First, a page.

Tough Talk

Jesus tells us to love our enemies. What does that mean? We need to pray for and forgive our enemies. Is that enough? How do we put that into practice?

Read Luke 6:27-38, Genesis 45:1-15 here.

Listen here:

I love it snow much that we’ve had snow here in Sterling this week. It makes it feel kind of like Christmas.  Maybe that’s why I’ve been thinking about the movie A Christmas 201811251525255420Story (1983).[1] It’s set in 1940[2] and tells about a boy named Ralph who wants a Red Ryder BB gun for Christmas.[3] Throughout the movie, Ralph and his friends are harassed by the neighborhood bullies every time they go outside.  Ralph says, “In our world, you were either a bully, a toady, or one of the nameless rabble of victims!”[4]  One day Ralph finally snaps and beats up the bully.  We know that’s wrong, but we do feel a little proud of 45165358Ralph for standing up to the guy and refusing to be the victim anymore.  If we’re ambivalent about that scene, it might be because of Jesus’ words in our gospel reading for today from Luke, in which he tells us to “love our enemies” and “turn the other cheek.”

Who is our enemy?  Jesus says, “Do good to those who hate you. Bless those who curse you. Pray for those who hurt you” (Luke 6:27-28). We get some definition of our enemies here.  Those who hate us, curse us, or hurt us.  Even those we love sometimes hurt us, and we sometimes hurt them, even when we don’t mean to. The reality is that we are both people who hate and have been hated, who curse and have been cursed, who hurt and have been hurt.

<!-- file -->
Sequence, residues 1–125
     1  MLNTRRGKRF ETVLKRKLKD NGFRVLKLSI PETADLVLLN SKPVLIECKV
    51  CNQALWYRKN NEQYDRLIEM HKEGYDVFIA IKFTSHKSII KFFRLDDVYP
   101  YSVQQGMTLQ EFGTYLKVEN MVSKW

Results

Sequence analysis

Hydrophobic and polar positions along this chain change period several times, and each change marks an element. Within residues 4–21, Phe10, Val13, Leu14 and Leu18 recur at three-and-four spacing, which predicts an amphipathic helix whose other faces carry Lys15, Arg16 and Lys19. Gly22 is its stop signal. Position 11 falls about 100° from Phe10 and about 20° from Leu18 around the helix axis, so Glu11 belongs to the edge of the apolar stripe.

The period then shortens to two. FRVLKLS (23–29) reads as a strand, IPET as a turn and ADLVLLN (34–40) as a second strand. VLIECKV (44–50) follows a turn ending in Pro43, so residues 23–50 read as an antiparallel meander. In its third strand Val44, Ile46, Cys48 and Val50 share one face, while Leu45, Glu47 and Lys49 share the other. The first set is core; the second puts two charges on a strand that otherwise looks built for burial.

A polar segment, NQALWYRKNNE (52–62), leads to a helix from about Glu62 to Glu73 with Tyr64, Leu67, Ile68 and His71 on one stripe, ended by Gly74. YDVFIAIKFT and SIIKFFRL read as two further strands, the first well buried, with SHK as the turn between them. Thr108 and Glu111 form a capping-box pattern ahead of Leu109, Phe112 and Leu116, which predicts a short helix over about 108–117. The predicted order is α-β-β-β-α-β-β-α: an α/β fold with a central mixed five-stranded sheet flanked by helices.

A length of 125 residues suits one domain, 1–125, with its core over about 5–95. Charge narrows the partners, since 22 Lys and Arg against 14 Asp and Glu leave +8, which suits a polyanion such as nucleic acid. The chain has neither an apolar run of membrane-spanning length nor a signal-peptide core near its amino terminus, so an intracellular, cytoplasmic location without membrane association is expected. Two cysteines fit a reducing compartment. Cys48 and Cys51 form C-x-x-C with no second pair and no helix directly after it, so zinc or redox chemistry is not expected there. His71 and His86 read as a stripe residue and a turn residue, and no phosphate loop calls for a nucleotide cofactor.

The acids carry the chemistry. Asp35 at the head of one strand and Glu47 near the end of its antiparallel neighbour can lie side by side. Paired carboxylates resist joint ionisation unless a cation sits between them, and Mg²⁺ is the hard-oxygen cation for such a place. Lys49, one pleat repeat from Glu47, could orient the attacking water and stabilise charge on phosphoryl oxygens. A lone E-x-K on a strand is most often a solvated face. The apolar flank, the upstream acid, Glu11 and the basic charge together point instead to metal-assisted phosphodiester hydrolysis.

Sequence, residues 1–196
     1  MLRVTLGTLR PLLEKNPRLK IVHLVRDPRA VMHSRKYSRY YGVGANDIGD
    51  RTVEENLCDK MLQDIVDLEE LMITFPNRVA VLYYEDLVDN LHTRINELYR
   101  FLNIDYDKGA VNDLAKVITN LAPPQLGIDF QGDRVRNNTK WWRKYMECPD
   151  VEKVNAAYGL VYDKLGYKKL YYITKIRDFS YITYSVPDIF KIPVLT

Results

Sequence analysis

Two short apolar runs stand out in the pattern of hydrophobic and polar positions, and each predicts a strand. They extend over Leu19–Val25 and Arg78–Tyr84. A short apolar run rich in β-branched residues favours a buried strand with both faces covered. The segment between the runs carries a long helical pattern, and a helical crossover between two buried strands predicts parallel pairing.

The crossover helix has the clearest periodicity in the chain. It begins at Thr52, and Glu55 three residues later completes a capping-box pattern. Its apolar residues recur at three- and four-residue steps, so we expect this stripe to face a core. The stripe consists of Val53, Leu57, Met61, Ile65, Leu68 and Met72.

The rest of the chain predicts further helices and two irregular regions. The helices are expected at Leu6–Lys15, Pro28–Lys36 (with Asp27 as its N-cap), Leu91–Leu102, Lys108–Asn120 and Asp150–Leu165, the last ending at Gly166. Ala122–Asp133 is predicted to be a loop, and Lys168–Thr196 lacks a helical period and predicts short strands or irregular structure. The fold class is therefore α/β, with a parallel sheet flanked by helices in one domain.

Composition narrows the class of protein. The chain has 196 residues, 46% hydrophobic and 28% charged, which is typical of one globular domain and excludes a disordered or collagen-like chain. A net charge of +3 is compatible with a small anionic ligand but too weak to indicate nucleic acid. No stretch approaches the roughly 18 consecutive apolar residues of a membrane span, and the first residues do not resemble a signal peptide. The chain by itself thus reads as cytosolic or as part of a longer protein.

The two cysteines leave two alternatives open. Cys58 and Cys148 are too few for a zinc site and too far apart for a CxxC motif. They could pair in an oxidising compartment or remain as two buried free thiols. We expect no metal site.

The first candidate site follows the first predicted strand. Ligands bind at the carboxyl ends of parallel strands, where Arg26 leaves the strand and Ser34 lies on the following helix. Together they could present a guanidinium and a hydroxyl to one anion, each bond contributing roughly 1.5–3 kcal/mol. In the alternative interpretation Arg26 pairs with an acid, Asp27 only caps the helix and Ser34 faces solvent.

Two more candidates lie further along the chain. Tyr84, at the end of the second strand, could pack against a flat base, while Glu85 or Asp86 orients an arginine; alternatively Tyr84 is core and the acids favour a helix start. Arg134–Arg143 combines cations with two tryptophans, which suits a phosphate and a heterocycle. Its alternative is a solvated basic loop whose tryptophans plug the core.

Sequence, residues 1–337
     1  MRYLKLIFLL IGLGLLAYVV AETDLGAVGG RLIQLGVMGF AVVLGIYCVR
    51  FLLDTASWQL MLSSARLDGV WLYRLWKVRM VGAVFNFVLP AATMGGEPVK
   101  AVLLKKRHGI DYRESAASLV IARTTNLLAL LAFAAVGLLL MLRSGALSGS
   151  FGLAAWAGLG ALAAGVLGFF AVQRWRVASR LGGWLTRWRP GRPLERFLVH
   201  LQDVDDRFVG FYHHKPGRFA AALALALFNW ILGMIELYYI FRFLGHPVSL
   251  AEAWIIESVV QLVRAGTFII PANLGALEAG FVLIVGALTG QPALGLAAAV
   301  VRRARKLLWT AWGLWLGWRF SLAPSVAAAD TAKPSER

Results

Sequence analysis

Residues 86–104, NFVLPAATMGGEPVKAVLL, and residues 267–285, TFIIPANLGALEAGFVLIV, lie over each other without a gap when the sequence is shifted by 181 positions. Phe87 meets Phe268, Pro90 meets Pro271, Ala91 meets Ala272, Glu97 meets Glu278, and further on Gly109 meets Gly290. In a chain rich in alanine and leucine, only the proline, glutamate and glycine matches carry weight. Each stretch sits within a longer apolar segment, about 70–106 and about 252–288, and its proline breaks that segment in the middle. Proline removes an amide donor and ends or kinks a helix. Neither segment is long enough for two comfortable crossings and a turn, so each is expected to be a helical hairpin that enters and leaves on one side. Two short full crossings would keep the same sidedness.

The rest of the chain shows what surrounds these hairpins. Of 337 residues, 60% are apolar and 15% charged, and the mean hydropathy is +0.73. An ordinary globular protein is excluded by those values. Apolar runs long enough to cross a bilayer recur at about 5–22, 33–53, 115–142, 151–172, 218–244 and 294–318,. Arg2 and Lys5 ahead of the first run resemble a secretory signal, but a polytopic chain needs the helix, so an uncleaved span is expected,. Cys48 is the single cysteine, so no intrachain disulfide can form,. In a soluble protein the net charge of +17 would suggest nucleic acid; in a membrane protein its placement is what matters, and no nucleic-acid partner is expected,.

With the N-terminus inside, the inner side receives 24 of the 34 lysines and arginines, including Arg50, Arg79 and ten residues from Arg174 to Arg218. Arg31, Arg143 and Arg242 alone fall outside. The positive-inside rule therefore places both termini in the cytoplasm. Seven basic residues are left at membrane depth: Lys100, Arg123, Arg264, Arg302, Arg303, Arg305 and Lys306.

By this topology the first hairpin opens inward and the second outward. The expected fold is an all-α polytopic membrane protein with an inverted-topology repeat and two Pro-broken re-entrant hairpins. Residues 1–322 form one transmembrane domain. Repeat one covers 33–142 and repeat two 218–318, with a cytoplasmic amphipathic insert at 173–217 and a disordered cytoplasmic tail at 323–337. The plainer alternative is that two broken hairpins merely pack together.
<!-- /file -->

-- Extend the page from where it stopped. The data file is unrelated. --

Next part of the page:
Who is our enemy?  Everyone. Jesus’ point is that we are to love everyone.  Love them, pray for them, and forgive them.  Everyone.

We find it easier to think of our enemies as being distant monolithic entities, and tend to prefer stories with clearly defined characters who are obviously good or evil.  Hollywood will be celebrating movies tonight at the Academy Awards.  Looking at past winners it’s interesting to see how the enemies in many of those movies reflected the social and political climate of the time in which they were made.  We’ve gone through seasons in which the enemies were whichever country we were currently fighting, or whichever social ill was plaguing us the most.  During the cold war every bad guy in movies had a Russian accent. Some movies reinforce our perspective on who the current enemies are, and some movies challenge us to consider a different perspective.

Who is my enemy and do I really have to love, pray, bless, and do good to them?  Maybe even harder, do I really have to turn the other cheek, give my shirt, and give whatever is asked?  Yes.  And sometimes no. Love, pray for, forgive – always. But some situations are not so simple….

p593_v_v8_abIn 1930, the movie that won the Academy Award for best picture was All Quiet on the Western Front, based on the novel by Erich Remarque, a German veteran of World War I.[5]  It’s about a young German man who enthusiastically signs up to fight in WWI with romantic and idealistic notions about fighting for his country and conquering the enemy, in this case, the French.  His idealism is shattered when he experiences the hard and brutal reality of war. This is an anti-war movie. When German pastor and theologian Dietrich Bonhoeffer saw this movie, it affirmed Bonhoeffer’s growing conviction that as a Christian, the best way to follow Jesus was through pacifism.  Bonhoeffer writes about loving our enemies in The Cost of Discipleship:

“Christian love draws no distinction between one enemy and another, except that the more bitter our enemy’s hatred, the greater his need of love. Be his enmity political or religious, he has nothing to expect from a follower of Jesus but unqualified love. In such love there is not inner discord between the private person and official capacity. In both we are disciples of Christ, or we are not Christians at all.” (From Cost of Discipleship, published in 1937.)